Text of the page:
This is something completely new for me! I’m going to apply gold kid to the first panel of the Fallen Leaves project. Gold kid is thin leather which has a very thin sheet of gold foil adhered to the top. The thickness of the gold kid is about the same as a piece of thin felt. Kid is usually stitched onto the fabric over a piece of felt padding or bumf (which is soft cotton string used for goldwork). The kid is raised off the ground fabric by either the felt or the bumf. As you can tell from the title of this post, I love the word “bumf”!

The bumf will be sewn down on the vein lines of the large maple leaf at the front of the design. The gold kid will then be attached over it so the vein lines are raised.

The first step is to measure the length of bumf that you need for each line.  I cut mine a bit longer to allow for error. Beginning in the middle of the piece of bumf, I stitched in onto the fabric with couching stitches about 2 mm apart in yellow cotton thread.


When I reached one end of the bumf I didn’t want an abrupt end but rather a tapered end to the stem shape. This bumf is made of 4 cotton strands twisted together. In order to make a

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Coming along on Fall colors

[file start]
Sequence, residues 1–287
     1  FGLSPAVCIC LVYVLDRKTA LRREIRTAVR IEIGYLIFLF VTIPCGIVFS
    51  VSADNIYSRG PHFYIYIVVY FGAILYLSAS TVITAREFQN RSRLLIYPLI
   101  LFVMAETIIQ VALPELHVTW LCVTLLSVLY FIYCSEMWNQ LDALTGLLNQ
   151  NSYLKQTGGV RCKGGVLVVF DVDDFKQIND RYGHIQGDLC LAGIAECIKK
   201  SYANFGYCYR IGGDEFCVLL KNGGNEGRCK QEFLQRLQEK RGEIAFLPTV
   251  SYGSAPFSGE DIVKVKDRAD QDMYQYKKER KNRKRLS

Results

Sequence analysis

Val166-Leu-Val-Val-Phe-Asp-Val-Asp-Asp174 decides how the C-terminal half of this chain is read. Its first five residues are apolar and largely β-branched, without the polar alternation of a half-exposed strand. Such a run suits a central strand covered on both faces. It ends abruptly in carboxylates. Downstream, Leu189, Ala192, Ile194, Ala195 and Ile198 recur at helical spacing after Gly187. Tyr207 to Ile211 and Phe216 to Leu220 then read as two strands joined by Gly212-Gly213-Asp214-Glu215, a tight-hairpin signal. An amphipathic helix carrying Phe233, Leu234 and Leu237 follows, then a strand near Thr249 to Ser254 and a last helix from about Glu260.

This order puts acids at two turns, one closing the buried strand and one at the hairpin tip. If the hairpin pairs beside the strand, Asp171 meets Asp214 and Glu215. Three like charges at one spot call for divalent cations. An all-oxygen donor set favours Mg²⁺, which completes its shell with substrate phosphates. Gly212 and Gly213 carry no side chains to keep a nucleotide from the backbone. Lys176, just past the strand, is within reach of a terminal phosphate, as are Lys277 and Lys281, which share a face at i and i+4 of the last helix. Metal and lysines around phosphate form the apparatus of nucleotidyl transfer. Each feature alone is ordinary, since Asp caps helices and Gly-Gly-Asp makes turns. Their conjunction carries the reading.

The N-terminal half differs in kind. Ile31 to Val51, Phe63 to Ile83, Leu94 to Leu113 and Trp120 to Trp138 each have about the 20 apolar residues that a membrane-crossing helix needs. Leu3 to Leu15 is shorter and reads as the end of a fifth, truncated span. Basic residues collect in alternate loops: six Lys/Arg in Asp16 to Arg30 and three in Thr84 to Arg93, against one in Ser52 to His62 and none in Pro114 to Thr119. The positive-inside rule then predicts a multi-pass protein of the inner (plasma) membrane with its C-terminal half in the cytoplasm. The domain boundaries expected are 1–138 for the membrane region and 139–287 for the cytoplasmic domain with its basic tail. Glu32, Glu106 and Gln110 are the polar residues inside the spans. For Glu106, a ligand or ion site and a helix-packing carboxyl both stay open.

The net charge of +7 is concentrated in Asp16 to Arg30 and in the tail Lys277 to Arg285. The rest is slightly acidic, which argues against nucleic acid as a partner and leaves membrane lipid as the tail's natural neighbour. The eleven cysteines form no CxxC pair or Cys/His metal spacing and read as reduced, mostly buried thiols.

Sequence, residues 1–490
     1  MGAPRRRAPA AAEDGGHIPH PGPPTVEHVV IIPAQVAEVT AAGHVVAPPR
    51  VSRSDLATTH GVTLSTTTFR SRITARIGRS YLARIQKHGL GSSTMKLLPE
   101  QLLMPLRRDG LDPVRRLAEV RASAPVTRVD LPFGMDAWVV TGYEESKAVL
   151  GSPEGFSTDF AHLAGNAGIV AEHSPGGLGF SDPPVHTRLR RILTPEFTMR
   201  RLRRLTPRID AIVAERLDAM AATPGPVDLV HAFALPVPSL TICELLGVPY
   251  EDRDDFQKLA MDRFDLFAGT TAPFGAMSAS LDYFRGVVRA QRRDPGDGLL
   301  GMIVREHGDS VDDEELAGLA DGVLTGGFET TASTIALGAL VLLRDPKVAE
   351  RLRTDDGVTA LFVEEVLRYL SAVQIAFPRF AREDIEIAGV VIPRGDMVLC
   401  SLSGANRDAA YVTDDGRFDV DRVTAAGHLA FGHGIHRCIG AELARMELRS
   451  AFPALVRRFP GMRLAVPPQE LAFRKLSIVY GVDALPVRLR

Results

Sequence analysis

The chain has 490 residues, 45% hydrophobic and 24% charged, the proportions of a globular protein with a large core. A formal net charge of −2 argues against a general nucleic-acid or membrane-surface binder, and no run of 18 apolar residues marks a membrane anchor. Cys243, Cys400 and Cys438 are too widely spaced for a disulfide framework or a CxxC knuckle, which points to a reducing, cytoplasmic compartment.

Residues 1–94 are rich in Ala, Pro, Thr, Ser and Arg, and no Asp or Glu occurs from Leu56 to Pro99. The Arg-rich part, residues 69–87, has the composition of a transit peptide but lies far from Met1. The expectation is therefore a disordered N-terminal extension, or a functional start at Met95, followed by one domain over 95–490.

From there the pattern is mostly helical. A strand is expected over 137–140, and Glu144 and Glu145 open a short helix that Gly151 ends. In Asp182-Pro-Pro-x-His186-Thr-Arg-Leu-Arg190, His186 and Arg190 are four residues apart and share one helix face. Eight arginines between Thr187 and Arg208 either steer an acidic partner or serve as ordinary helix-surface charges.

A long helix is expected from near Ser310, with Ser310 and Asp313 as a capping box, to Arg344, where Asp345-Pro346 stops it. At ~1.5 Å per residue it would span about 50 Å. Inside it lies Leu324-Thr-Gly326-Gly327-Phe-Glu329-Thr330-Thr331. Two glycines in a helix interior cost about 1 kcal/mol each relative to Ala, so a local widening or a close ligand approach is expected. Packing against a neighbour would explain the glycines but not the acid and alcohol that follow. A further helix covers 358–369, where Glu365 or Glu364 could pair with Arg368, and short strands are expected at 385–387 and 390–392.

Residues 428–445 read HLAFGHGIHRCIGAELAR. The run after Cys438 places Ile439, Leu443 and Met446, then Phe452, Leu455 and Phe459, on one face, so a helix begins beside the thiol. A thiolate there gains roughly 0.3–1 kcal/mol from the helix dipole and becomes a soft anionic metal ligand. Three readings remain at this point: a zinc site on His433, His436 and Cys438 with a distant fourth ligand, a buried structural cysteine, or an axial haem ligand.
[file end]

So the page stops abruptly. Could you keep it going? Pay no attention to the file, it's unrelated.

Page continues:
I am loving this Fall Colors crewel work piece! The texture of the wool, the gorgeous colors and the new stitches are all invigorating. I look forward to working on it every day. Would I say that crewel work is my favorite kind of embroidery? Today, yes!

This darling leaf is done with battlemented couching. It’s a grid of vertical and horizontal lines shaded from light to dark or dark to light. Inside each square are french knots. I used this stitch once before on a small piece, again worked in Renaissance wool. I think it even looks like battlements!

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Fall Colors Crewel progress

Fall weather has begun in Berlin. Where I grew up, fall weather meant cool, sunny days. Here it means rain; lots and lots of rain.

Rain changes how I look at things and how things look. Can you see how the color of the fabric in the two photos below looks quite different?  The photo on the left was taken on a sunny day – the best light in which to photograph embroidery. The colors are warm and sunny. The one on the right was taken on a rainy day, inside with a flash. It looks dreary.

This rainy weekend I spent inside, stitching. My first task was to fix that mess of sloppy blanket stitch and overly fussy lattice couching that I’d done on the Fall Colors crewel piece.

Remember my first effort at squared lattice work? The result was not what I’d envisioned. After I took it out and reworked it with fewer, more widely spaced stitches it looked cleaner and less fussy. I added a detached chain stitch in the center of each empty square and reworked the dark green blanket stitch sepal. It’s a question of scale. I thought small space = small stitches. In this case, I tried to cram too much into the small space. The wider spacing gives the design room the breathe. Continue reading

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